Stray Poet

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Once in poetry club a long silence fell.

It was after this kid had got through reciting some poem he’d written on the back of a failed scatterplot. It was something about a girl, a window, and him – yes him not the speaker the guy in the flesh – sitting under that window with maybe a ghost of a guitar silently strumming his heartstrings, receiving nothing but the echo off the wall behind his sunken spine in return. In short, she wasn’t interested.

He got through the last slobbered-ink word and then a deadly silence fell. I had something to say, I thought it was meaningful and profound (the thing I had to say that is) so I took a deep breath and spoke up:

“The poem reminds me a little bit of a stray dog.”

Titters redden cheeks which flee behind sweatered shoulder-hills of girls throughout the room.

“Like, that feeling of being outside all the time, forgotten at night, unwanted, blotted off the landscape by the city maintenance team, and all you really want is to be wanted by just one girl, one warm fireplace and closed door viewed for once from the inside…”

Locked and bolted ears. Glances flash between faces. Error messages register in iris digitalia.

“That’s not exactly what I was going for,” he chuckles, though he isn’t laughing.

There. I broke the silence. Now other speakers swoop in to repair the damage. False words, words about commas and influences. Slowly their crow wings close in a circle around the injured fledgling and his fallen silence, a black-feathered fence that keeps me out like acid rain rolling off their unhearing backs. I said something stupid. I trivialized his poem by comparing the speaker to a stray dog looking for a home.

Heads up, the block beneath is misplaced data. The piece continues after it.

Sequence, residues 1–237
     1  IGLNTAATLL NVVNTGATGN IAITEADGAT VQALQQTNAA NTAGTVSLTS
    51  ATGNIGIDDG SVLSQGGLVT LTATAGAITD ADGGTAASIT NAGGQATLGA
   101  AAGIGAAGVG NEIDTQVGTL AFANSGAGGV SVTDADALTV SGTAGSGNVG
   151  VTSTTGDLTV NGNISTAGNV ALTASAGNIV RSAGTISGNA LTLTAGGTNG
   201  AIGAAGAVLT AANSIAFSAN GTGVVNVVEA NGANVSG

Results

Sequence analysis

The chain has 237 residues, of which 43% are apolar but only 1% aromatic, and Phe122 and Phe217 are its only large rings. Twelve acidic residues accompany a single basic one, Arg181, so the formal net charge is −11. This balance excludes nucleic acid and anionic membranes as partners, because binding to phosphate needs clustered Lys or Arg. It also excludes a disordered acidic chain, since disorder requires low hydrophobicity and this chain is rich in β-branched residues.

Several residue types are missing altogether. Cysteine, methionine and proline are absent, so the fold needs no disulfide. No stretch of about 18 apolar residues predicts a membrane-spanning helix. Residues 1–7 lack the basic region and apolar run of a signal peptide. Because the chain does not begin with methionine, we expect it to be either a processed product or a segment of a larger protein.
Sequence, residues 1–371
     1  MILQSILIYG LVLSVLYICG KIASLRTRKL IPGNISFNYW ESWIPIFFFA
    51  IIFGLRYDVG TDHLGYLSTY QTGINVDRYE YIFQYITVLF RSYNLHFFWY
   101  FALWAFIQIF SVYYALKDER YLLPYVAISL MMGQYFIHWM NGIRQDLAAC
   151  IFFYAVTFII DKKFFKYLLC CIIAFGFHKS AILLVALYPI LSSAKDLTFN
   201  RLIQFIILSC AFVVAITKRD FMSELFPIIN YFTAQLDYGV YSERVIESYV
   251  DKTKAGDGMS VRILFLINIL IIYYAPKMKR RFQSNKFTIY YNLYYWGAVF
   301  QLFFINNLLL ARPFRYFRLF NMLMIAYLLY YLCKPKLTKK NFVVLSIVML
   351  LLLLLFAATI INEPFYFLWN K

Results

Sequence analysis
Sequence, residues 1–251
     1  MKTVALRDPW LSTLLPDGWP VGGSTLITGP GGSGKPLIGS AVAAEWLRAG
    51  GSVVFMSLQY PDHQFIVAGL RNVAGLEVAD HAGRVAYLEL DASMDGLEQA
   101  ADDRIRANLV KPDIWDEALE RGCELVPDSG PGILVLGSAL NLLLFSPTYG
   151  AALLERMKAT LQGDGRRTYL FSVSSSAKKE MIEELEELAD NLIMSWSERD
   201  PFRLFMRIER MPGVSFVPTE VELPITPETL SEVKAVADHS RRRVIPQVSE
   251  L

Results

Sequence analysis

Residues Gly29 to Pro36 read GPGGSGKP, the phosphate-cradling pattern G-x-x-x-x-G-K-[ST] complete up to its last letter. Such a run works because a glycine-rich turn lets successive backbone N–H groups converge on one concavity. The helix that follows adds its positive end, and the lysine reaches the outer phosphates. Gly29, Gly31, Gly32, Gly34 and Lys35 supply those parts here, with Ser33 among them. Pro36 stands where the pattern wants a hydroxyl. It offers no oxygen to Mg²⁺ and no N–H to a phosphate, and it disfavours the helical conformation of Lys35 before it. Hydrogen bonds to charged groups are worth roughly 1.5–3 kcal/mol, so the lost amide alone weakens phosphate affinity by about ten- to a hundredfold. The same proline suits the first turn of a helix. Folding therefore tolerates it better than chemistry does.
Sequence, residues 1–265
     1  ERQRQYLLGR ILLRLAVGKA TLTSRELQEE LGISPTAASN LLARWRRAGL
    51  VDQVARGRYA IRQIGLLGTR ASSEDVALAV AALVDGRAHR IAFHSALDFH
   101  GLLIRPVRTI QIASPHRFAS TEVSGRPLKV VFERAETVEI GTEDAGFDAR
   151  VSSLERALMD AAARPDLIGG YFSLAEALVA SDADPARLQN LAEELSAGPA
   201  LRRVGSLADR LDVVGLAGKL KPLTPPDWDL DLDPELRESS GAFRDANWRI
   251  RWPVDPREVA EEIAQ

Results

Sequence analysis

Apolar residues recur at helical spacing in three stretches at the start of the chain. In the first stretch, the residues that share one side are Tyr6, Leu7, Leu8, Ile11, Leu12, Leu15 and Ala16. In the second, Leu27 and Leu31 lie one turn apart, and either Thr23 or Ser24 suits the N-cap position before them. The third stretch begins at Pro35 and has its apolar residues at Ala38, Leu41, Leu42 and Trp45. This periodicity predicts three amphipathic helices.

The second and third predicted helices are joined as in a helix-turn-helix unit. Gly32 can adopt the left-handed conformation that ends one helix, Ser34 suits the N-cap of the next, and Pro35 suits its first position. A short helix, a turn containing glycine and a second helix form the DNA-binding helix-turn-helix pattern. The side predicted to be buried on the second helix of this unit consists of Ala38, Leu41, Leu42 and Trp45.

As they shut me out I am exactly a hornet on the wall. I am exactly that crushed hornet beneath the noble shoe, bleeding purple juice, thinking hornet thoughts, dead to protect something feminine and bigger than myself I guess.

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Image credits in order of appearance:

By Marlies Kloet – Own work, CC BY-SA 3.0, https://commons.wikimedia.org/w/index.php?curid=21279002

By Jean-Honoré Fragonard – anagoria, Public Domain, https://commons.wikimedia.org/w/index.php?curid=12368212

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